2018 Resume Trends to Follow

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I’ve seen SO many different resumes during my career. It also feels like I’ve sent thousands (some weeks more like billions) for job postings, and I’ve made so many different mistakes that got me denied from jobs.

I remember getting a rejection letter in my very early career (high school) that simply stated “Your resume does not reflect the detail-oriented candidate we are searching for”. OUCH, talk about rubbing salt in the wound. But useful feedback nonetheless (#stopprofessionalghosting).

Many of us don’t realize how important the small details are in these documents.

Here are the top resume trends that are ever important for 2018!

1. Consistency: There’s a rule for resumes that formatting doesn’t matter until it isn’t 100% there. The design, layout, and placement of text doesn’t need to be complex. Focus on making sure everything from dates to titles are aligned on the page for each of your past experiences. Use lines to create the illusion of breaking up text and boxing sections together to make the reader able to skim quickly and efficiently. Recruiters can easily spot these errors when you don’t pay attention to them – even if your content is golden, they will have an excuse to put you at the bottom of the pile. If your resume has typos, this will almost certainly disqualify you from the pool. It sends a message that if you didn’t care about the position as a candidate, much less so as an employee.

Hot tip: Ask a few friends to review your resume for you before you send it out. Specifically, ask if they can spot errors by simply scanning through the document. Formatting updates may take you a short while to figure out but it nonetheless it’s important and worth going the extra mile.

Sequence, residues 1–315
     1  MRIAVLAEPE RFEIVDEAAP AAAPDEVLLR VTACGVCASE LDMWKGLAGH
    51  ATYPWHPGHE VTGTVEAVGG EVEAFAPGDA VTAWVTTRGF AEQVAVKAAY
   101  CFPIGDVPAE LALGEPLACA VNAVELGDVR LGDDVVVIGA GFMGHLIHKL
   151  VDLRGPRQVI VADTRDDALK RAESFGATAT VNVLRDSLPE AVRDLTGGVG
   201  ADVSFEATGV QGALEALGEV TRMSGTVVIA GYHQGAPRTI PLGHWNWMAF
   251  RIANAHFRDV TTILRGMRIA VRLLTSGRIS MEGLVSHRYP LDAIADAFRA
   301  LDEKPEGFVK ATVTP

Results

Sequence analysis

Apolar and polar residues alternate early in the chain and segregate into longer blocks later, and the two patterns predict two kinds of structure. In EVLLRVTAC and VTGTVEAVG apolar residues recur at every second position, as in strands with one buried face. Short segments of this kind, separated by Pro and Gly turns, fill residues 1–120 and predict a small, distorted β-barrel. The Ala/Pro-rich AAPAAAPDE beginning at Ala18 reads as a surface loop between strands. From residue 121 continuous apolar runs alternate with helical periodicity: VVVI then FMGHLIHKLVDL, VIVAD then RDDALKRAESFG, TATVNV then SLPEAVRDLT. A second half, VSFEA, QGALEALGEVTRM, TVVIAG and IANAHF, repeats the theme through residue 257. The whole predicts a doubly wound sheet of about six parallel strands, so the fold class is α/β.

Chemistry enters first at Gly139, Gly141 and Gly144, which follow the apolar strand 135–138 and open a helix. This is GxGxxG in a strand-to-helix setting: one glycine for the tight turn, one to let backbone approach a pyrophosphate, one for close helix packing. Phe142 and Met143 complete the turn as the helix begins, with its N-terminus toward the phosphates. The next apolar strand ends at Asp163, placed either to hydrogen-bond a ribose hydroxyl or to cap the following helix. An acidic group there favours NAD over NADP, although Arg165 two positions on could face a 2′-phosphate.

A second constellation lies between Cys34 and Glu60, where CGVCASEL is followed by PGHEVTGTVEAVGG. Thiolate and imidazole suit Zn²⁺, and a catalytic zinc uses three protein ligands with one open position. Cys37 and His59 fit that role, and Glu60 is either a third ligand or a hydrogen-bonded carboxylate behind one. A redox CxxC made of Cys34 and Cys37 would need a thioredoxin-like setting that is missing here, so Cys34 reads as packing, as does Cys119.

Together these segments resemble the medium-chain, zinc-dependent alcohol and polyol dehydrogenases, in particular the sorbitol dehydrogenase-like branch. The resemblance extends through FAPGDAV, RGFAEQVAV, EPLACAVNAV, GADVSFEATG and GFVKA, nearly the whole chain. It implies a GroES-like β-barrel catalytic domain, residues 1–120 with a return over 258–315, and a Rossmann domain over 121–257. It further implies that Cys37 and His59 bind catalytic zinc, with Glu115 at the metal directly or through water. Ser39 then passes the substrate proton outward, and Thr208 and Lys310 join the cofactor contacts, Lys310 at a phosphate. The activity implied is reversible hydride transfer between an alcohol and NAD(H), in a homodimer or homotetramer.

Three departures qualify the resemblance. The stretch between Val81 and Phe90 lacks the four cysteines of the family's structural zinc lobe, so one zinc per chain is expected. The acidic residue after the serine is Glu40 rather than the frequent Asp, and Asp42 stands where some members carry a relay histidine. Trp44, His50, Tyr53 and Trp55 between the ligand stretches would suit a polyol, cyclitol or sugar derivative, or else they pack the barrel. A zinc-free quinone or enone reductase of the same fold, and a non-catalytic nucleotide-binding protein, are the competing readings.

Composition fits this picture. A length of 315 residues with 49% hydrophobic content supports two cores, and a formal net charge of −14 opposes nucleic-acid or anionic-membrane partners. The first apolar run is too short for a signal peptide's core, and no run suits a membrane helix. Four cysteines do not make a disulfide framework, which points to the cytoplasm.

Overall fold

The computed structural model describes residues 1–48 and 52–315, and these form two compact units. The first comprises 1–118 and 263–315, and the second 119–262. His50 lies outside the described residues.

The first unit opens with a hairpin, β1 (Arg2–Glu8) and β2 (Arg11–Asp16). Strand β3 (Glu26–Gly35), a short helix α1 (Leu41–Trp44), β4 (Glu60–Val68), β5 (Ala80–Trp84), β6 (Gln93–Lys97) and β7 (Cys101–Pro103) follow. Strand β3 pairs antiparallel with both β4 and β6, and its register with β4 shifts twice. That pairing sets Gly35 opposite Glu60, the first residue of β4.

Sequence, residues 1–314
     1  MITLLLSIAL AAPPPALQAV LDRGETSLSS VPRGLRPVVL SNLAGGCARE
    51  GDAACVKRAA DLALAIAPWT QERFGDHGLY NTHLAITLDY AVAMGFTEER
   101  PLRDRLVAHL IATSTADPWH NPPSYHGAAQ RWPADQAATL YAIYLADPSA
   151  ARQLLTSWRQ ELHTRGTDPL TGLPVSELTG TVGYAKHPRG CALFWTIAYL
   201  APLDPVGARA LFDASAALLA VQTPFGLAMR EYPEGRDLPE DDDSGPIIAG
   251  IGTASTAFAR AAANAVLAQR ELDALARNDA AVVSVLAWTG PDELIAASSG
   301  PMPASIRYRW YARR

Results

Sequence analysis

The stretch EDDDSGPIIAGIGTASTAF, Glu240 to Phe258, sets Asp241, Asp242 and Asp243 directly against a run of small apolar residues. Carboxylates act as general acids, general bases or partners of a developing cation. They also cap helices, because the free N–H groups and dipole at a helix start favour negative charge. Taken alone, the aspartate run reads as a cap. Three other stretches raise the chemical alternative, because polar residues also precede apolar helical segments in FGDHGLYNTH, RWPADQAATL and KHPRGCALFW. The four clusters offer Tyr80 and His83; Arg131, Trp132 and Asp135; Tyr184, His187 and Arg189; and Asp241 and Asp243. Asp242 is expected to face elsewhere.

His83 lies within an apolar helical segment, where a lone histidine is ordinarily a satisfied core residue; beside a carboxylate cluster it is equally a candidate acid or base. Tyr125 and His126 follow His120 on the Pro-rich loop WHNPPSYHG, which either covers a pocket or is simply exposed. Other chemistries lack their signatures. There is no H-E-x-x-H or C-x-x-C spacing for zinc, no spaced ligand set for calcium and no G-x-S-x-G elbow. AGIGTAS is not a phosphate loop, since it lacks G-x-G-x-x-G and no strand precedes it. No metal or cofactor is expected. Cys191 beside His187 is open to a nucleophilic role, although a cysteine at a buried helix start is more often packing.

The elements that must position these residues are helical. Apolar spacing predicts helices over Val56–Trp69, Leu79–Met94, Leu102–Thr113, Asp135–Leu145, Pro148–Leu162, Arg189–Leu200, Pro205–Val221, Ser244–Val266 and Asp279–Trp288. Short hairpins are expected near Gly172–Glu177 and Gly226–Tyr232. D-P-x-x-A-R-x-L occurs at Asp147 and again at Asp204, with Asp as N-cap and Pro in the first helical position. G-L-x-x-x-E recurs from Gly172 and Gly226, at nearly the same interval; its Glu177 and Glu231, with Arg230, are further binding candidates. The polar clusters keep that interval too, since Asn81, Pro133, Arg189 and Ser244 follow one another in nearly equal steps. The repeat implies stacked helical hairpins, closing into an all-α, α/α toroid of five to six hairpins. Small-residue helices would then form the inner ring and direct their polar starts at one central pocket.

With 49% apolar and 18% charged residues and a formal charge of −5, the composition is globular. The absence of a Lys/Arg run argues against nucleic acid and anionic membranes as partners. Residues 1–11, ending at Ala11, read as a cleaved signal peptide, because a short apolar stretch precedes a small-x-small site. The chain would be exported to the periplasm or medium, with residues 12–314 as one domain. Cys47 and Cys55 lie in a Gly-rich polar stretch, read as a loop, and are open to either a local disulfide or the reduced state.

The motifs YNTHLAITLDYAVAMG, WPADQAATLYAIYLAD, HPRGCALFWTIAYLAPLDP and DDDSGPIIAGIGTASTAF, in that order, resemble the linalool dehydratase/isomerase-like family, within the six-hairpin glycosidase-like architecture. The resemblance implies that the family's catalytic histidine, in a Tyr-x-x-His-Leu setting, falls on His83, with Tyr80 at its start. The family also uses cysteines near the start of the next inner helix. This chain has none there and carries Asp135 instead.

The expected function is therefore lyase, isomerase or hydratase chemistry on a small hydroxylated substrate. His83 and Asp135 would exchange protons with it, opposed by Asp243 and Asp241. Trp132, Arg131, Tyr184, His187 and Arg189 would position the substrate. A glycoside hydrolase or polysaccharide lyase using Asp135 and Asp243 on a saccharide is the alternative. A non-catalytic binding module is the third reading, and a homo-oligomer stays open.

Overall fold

2. Listing our previous experience as mere tasks. If your resume is a copy and paste of bullets using your former job description, think again. The employer isn’t looking for your duties, they’re looking for a reason to hire you. Related experience means you’re going to be cherry picking the projects and outcomes that relate most to that employer. It states to them, hey I can do this job and here’s the proof that you can trust me.

Hot tip: Reframe your previous experience answering these couple of questions- A. how the employer benefited from what you did, and what the quantified (numbers, percentages) results, impact or achievement of your efforts were. This is the end result of what your job description was. For instance, instead of “in charge of the marketing plan for the department” say “developed and implemented a marketing plan and strategy which created a streamlined process and increased sales by 25%.” Which one would you hire? Exactly.

3. Overused wording. Ctrl F your resume for common words like team-play and goal-oriented. Any words that are common nowadays you want to stay away from. They take away from the punch that you job achievements will speak to. If you’re unsure if your resume has any of these, take a quick minute to google overused phrases in your industry and see if you can spot any.

Hot tip: Replace these words with results, actions can and do speak louder than sentences saying that you can do something.

These common formatting and content errors can really hurt our chances of getting picked up by a recruiter, but there is also one other problem that can really hurt your chances of going for a stretch position (a position that’s going to be a challenge for you). That missing piece is creating a building story to your resume. Sure you may have varying experience, but there are commonalities that are easy to spot in hindsight.

Take a few moments and look at your resume from a glance. Ask yourself why you took each of those positions, what you really wanted to get from it, and if there are any underlying themes to each of the positions that link them together. These links could be industry, political cause, geographic location, types of demographics served or even policy type. If you can spot these themes in your story in your past, you’ll be much more likely to narrow in on telling a building story to explain to the hiring manager.

Ever built a professional resume story? It’s becoming more common now than ever to create a cohesive story that easily communicates your brand and interests without having to rely so heavily on your cover letter. If you want personalized 1-on-1 support with this, schedule a consultation with me and we can talk more about what your career goal is and what story you need to be telling on your resume.